Nicolas Culpeper, born on this day in 1616, took a radical approach to medicine in a way that would probably seem boring to anyone today. Rather than writing and publishing in Latin, the accepted language of knowledge, the doctor and apothecary published in English. This dedication to spreading knowledge, which was motivated by politics as well as altruism, helped him become an author whose principal work, The English Physician (also known as Culpeper’s Herbal) is still in print today, according to the Science Museum, London.
For all that, you’d probably want to consult your doctor before listening to any of his advice. Culpeper’s work popularized astrological herbalism—that is, an understanding of “herbs and their uses… tightly intertwined with readings of the stars and planets,” writes the University of Virginia’s Claude Moore Health Sciences Library. He also subscribed to the doctrine of signatures—that is, the unscientific belief that plants contain some physical sign of what they are meant to treat. For example, the belief that walnuts are good for your brain because they look like little brains. Some people still think this, according to Matt Simon writing for Wired.
These beliefs, however, weren’t so uncommon for seventeenth-century academics and physicians, and, as Simon notes, some plants were identified as useful before being assigned their “signature,” so they did work. In an era before doctors washed their hands and when anatomists still made grisly art out of their subjects, Culpeper's advice probably wasn’t any worse than anyone else’s—even though he got a reputation as a quack because he fought with the College of Physicians, writes physiologist Olav Thulesius.
Culpeper’s medical beliefs went along with his political ones, writes the library. Culpeper was a Puritan, rather than an Anglican, and he was a Parliamentarian, while most of the College were Royalists, which put them on opposing sides in the English Civil War. He “wrote pamphlets against the king, all priests and lawyers, and licensed physicians,” writes the Science Museum, and in 1644 set out to make medical knowledge more accessible to healers who weren’t university-trained physicians by translating and writing medical books in English.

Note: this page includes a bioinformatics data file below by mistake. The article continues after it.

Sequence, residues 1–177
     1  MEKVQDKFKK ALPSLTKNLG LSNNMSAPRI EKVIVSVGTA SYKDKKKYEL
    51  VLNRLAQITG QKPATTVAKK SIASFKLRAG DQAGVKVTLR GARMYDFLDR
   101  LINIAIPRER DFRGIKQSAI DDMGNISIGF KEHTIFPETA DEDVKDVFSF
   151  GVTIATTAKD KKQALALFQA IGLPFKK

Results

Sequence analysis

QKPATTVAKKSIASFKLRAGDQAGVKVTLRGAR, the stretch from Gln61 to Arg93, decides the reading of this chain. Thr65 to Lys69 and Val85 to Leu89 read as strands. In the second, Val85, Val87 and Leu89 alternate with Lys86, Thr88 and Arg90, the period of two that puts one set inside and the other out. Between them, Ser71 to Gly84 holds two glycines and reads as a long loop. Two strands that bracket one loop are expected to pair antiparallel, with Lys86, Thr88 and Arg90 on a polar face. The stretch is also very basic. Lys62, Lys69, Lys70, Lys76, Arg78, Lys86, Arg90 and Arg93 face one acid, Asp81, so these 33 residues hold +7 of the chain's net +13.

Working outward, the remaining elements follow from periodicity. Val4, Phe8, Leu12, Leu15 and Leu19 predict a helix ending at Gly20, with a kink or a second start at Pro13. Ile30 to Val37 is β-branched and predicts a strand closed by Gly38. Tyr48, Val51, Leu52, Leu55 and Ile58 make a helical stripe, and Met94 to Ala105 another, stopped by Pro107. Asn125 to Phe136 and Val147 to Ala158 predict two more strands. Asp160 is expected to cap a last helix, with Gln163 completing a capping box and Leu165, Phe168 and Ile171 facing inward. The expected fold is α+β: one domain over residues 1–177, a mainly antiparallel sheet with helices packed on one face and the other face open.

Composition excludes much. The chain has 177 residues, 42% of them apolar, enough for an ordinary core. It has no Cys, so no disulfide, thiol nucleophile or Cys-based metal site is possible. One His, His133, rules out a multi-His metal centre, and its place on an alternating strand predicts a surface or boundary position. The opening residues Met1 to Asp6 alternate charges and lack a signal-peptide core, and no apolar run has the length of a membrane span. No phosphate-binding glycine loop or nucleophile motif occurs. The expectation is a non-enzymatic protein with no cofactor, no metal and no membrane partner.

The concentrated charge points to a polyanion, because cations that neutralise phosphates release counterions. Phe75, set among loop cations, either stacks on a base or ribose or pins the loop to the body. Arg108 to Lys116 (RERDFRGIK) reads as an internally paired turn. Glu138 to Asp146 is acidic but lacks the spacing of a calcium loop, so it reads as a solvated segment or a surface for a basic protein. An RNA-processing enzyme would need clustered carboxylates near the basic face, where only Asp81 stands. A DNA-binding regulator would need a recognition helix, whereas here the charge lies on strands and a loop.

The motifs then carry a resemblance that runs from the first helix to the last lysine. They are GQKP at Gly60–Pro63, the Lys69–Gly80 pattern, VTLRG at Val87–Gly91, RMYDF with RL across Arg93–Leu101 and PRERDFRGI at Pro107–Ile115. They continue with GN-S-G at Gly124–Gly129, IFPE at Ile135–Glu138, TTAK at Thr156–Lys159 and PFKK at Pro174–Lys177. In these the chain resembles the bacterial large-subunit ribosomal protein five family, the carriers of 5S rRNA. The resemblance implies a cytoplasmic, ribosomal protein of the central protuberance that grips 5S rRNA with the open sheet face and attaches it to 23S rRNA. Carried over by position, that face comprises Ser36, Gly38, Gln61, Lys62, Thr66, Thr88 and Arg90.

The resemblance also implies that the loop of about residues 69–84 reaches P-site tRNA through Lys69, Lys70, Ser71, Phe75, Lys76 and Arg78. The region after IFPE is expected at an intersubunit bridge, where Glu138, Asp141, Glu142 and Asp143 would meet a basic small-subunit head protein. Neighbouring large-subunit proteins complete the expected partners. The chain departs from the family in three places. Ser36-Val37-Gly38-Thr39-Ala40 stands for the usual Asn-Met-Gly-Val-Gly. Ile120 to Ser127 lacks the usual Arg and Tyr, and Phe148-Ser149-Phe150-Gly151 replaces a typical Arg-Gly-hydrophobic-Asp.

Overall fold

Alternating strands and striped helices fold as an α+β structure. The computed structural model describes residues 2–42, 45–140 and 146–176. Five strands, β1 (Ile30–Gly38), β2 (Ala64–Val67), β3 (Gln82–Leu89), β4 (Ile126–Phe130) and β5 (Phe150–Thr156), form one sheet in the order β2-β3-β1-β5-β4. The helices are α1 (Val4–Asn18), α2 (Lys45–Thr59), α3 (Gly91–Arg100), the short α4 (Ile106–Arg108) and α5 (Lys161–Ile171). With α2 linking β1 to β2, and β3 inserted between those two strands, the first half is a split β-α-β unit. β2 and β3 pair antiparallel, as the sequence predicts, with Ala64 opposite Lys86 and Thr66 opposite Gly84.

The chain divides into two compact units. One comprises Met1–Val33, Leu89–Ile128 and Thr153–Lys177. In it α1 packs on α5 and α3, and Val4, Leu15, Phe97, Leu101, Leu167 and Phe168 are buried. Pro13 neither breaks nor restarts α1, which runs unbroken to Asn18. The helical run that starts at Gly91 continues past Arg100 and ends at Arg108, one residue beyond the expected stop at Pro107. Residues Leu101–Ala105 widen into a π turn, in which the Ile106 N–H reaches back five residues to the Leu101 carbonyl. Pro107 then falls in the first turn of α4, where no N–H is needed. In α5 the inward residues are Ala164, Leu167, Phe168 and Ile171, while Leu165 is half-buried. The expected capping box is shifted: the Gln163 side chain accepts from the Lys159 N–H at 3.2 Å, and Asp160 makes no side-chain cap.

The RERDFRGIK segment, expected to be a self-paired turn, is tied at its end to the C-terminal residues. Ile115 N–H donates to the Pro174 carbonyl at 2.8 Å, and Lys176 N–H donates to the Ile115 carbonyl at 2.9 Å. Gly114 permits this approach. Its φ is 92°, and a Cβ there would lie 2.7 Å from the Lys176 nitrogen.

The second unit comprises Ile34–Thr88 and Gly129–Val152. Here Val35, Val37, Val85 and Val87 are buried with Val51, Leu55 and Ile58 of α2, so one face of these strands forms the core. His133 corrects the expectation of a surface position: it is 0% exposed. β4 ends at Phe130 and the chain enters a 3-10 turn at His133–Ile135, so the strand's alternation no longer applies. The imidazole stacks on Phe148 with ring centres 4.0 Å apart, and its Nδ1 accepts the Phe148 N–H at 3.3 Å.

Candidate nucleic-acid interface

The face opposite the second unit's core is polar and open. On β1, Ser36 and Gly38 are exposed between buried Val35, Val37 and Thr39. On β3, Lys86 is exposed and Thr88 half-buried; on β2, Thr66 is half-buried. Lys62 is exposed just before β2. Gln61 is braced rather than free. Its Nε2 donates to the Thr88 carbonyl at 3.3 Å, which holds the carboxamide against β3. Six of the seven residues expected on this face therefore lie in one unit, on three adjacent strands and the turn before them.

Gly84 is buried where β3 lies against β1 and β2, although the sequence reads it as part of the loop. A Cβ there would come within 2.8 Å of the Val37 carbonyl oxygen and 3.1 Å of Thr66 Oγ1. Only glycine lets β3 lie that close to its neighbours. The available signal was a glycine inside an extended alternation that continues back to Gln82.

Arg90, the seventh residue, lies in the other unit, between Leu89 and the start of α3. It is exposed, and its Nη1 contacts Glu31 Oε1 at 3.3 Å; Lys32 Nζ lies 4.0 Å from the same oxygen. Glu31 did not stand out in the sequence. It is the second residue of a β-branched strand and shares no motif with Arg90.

His political perspective also helped to make his work popular with those who shared his views–The English Physician was a staple of the New England Puritan household, writes the library. But his impact is also hard to call, writes historian Benjamin Woolley in his biography of Culpeper:
Whether or not [Culpeper] saved many lives is debatable; but whether or not the discovery of the circulation of blood, or indeed any medical knowledge from that period, saved many lives is open to question. Most medical historians agree that mortality rates stayed at the same level for at least a century after [William] Harvey’s De motu cordis and Culpeper’s Herbal appeared.
What is true, Woolley writes, is that Culpeper challenged “the principle that medical knowledge belonged solely to physicians–indeed that expert knowledge of any sort belonged to the experts. He helped to reveal a division that has yet to heal, between orthodox and alternative medicine.”